Juvenile Court Assessment & Intervention Center
Fairfield County, Ohio
Interview with Becky Edwards, Director

How are youth referred to your center? Referral sources vary depending upon the track that the youth enters the program. For the Community Track referrals can come from many sources including parent/caregivers, schools, agencies, law enforcement or any community partner. The Law Enforcement track offers intake and assessment services to young people identified by law enforcement officers for behavior or delinquency matters where charges are filed or diverted. Officers may refer youth for an assessment or transport directly to the Center’s location.

How many youth do you serve per year? An average number of 130 youth are served in both tracks per year.

What is your favorite tool used in an assessment and why? The MAYSI-2 provides a comprehensive screening that covers mental health, trauma and substance use. This tool can be used by non-credentialed staff and provides agreed upon cut off scores for referrals and intervention that is easy to use, yet has proven to be effective in identifying youth at risk.

Highlight a specific partnership (i.e. school, organization) or program. The Lancaster Police Department (LPD) was an early adopter of the direct referral into the Assessment Center.  Prior to COVID, the number of referrals from LPD for assessment and intervention and not accompanying charges were by far the most common referrals.

What is the process your center uses to ensure youth are connected and matched with services after an assessment? Regardless of the pathway that youth enter the Assessment Center services, all are screened for behavioral health, trauma and substance use issues. In addition to screening referral triggers, motivational Interviewing strategies are used to determine the needs of not only the youth, but the family as well. Each case is assigned to a Center staff person (social worker) who follow that case and provide referrals and support until the family is linked to services.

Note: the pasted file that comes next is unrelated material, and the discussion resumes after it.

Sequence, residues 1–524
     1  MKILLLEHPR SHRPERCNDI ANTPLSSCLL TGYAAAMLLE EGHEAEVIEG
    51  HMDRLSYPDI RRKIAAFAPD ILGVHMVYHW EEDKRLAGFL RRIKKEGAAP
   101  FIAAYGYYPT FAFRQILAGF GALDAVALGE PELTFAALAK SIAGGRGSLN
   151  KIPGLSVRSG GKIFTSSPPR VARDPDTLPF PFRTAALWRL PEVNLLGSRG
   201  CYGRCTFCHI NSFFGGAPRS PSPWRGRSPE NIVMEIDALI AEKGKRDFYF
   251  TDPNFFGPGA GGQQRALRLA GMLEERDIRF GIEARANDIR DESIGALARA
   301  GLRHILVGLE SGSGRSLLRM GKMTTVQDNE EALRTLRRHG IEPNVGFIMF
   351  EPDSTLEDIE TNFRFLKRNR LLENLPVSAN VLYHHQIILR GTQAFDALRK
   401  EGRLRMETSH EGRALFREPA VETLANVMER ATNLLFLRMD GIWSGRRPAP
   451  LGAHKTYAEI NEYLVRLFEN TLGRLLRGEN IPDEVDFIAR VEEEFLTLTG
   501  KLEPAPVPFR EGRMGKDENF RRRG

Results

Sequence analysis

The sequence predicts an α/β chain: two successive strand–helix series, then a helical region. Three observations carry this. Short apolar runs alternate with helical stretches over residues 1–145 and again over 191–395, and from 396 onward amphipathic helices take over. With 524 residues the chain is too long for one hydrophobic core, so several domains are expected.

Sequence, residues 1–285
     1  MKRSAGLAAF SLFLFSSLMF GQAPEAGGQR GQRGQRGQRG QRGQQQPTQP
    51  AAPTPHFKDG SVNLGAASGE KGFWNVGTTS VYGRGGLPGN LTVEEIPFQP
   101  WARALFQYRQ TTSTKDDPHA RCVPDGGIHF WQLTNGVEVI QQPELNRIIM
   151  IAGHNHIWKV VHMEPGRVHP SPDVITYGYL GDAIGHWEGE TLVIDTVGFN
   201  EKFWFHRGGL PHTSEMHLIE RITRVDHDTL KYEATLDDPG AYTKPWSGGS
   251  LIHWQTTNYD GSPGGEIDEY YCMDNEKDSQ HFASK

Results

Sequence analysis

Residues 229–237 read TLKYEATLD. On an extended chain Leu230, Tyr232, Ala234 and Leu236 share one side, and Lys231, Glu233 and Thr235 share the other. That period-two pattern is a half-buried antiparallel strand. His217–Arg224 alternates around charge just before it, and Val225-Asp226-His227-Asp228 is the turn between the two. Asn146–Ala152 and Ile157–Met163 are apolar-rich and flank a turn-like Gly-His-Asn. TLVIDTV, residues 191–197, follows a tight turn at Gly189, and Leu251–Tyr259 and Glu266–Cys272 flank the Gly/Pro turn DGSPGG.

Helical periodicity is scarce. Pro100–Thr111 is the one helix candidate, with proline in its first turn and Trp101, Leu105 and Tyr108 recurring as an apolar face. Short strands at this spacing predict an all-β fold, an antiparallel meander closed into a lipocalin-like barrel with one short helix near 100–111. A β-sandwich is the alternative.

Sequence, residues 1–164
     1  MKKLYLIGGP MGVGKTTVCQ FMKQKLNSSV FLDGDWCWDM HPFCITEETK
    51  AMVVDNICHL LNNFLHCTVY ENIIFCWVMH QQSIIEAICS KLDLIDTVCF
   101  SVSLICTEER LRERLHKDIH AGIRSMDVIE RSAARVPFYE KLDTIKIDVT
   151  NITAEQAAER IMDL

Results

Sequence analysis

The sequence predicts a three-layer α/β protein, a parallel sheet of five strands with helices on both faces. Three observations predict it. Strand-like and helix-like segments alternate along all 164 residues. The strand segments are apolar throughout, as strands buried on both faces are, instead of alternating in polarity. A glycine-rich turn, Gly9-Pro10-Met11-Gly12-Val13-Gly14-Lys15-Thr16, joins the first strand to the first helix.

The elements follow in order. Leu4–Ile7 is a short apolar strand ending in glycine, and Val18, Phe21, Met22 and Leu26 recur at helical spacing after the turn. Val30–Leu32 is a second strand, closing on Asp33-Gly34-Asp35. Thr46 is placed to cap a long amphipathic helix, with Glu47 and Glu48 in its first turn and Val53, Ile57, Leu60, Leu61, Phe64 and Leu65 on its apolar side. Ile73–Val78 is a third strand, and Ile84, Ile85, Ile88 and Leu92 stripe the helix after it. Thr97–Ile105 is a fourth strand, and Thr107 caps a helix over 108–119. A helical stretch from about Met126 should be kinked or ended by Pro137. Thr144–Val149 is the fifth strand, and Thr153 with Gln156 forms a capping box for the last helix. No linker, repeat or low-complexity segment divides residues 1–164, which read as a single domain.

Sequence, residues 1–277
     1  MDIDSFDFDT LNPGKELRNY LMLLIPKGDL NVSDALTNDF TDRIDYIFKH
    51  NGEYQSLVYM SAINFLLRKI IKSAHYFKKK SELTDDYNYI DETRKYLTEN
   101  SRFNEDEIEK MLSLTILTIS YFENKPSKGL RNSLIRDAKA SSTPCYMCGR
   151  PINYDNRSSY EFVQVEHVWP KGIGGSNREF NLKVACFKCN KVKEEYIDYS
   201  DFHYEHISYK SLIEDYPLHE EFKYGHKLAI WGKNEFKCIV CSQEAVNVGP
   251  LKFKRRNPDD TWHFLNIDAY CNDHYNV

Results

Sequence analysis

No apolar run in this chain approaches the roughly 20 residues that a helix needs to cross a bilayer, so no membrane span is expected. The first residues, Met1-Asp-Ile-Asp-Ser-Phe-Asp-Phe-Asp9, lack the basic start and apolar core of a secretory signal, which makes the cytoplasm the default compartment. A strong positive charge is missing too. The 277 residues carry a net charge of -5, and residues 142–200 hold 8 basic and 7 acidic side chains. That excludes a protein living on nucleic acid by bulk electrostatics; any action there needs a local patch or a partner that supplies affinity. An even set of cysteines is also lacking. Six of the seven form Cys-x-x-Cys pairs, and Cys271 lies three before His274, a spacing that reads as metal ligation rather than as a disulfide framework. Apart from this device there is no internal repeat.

How does your center divert youth from the justice system? The Assessment Center is dedicated to improving the lives of youth by helping to strengthen and support children and families who are involved, or at risk of becoming involved with the juvenile justice system. The Center believes each youth should be supported based on individual risks and needs without the requirement that they are officially filed upon. The vast majority of youth served by the Assessment Center are never formally involved with the court and receive services in a preventative manner.

What outcomes does your Center track? The agreed upon outcome for the Assessment Center is based on future charges. The goal is that 75% of youth seen through the Assessment Center (both law enforcement and community tracks) will not receive any charges within 12 months of termination from the program. The combined (Community and Law Enforcement Tracks) recidivism rate for 2019 is 33%.  The program is in it’s infant stages and the development of strategies to decrease that rate are a part of the ongoing quality improvement of the program.  

What are you looking forward to most with the development of the NAC?We are excited about being in the NAC loop to learn more about best practice, ongoing training in evidence based strategies and engagement with like-minded colleagues to improve outcomes for the youth in our community.